At 18, Thomas Nickell, even in a world populated by numerous prodigies who began to play in public at very young ages, still deserves to be considered a young, emerging artist, and this concert showed him to be a notably mature and tasteful one. He is currently a student at the New School, Mannes College of Music, studying piano and composition, both with equal seriousness. He has already played programs in concert and with orchestra in the United Kingdom, Italy, Japan, and Chicago, and has been honored as a Steinway artist and is represented by Alexander & Buono International. The concert, a repeat of his London debut, gave the full house something else to be grateful for: a visit from an outstanding British chamber orchestra—in this instance all strings—The Orchestra of the Swan, based in Stratford-upon-Avon, under the direction of its founder and music director, David Curtis, who is as enterprising and personable as he is musical.
I recently heard three piano programs, almost back-to-back, in Weill Hall. Each pianist produced a strikingly different sound from the same instrument, Weill's beautiful house Steinway. The pianists and their programs were so very different that it is not so very difficult to resist the temptation to discuss them in a single review, although there are some common threads, for example Romanticism and Schubert. In fact, you'll find I'm writing rather a lot about those subjects at the moment.
True story: Irish writer Samuel Beckett, who lived most of his life in France, met and befriended the son of a neighbor, a very large young man known as Andre the Giant. Beckett drove Andre, called Dede, to school in his truck because Dede’s huge size made riding the regular school bus impossible. During the drives together, Beckett and Andre spent a lot of their time talking about cricket.
must have been in a Fantasia mood for this program—funnybone at the ready. There was something cartoon-friendly about the array on stage Sunday afternoon—an orchestra half the usual size—an enormously tall conductor in black maitre d' tails with a huge bald head, black goatee and a tiny baton—a remarkably small cellist by his side. Were we about to hear a concert in caricature by the Katzenjammer Kids? It would seem so. My bad!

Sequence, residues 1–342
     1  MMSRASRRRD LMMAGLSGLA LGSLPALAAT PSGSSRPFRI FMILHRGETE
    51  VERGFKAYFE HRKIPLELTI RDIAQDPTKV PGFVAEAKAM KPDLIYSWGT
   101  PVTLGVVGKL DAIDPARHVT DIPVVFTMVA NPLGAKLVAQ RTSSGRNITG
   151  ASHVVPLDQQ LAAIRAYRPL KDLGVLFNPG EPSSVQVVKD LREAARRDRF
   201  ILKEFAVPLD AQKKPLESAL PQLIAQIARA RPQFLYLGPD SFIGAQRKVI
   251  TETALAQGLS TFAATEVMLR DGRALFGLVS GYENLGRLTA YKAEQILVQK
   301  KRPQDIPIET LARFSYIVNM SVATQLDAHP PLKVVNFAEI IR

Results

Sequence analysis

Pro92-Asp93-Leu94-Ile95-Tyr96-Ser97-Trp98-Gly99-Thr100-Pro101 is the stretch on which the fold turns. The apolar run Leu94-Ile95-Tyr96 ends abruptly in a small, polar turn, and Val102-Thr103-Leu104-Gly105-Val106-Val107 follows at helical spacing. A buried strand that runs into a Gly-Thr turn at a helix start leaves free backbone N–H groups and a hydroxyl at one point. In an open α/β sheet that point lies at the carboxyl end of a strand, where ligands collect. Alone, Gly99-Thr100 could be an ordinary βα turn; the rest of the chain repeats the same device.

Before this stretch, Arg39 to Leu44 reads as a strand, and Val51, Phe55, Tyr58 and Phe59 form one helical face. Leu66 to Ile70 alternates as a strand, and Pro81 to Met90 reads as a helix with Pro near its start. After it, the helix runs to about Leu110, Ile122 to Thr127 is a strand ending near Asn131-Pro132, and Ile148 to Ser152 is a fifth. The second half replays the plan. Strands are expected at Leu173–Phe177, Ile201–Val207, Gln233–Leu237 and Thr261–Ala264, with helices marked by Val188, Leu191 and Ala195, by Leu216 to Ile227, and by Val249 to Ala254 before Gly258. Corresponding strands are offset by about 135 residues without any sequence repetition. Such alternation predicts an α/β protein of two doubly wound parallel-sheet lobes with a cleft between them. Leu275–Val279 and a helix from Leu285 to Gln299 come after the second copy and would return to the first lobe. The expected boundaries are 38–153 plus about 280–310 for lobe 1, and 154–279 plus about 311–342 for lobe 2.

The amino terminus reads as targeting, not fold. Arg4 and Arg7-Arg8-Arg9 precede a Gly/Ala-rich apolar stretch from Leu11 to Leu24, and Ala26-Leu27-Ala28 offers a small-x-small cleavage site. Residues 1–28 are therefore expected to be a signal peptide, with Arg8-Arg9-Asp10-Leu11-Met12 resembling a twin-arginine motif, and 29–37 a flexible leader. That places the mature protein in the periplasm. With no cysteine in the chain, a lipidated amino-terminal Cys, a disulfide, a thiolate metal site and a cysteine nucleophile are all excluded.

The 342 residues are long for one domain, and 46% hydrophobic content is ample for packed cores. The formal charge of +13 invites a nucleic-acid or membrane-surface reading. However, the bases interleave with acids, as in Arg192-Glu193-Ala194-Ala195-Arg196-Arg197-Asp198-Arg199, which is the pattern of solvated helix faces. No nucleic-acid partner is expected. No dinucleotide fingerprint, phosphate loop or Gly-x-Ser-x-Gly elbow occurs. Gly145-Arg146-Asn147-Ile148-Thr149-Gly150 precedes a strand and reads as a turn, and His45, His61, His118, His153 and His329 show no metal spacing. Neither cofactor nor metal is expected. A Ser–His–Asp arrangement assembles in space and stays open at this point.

Off-season musical life is not as thin in the Hudson Valley as it is in the Berkshires, but, whatever the general situation, the Concerts at Camphill Ghent, founded and directed by pianist Gili Melamed-Lev, stand out for their exceptional quality, one month after another. As I have mentioned elsewhere, these concerts, which usually sell out weeks before the concert date, take place in the intimate performing arts hall of Camphill Ghent, a residential community for elders in Chatham, New York. This particular article will offer a preview of the upcoming March concert, which is actually based on an abbreviated version of the program the Lev-Evans Duo played at a house concert in Stockbridge last month, and reviews of two previous concerts at Camphill Ghent.
One of the pleasures of this presentation was its immediacy as the small setting brought the dancers very close to the audience. To the performers' credit, the strain and difficulty of executing many challenging positions and lifts rarely showed.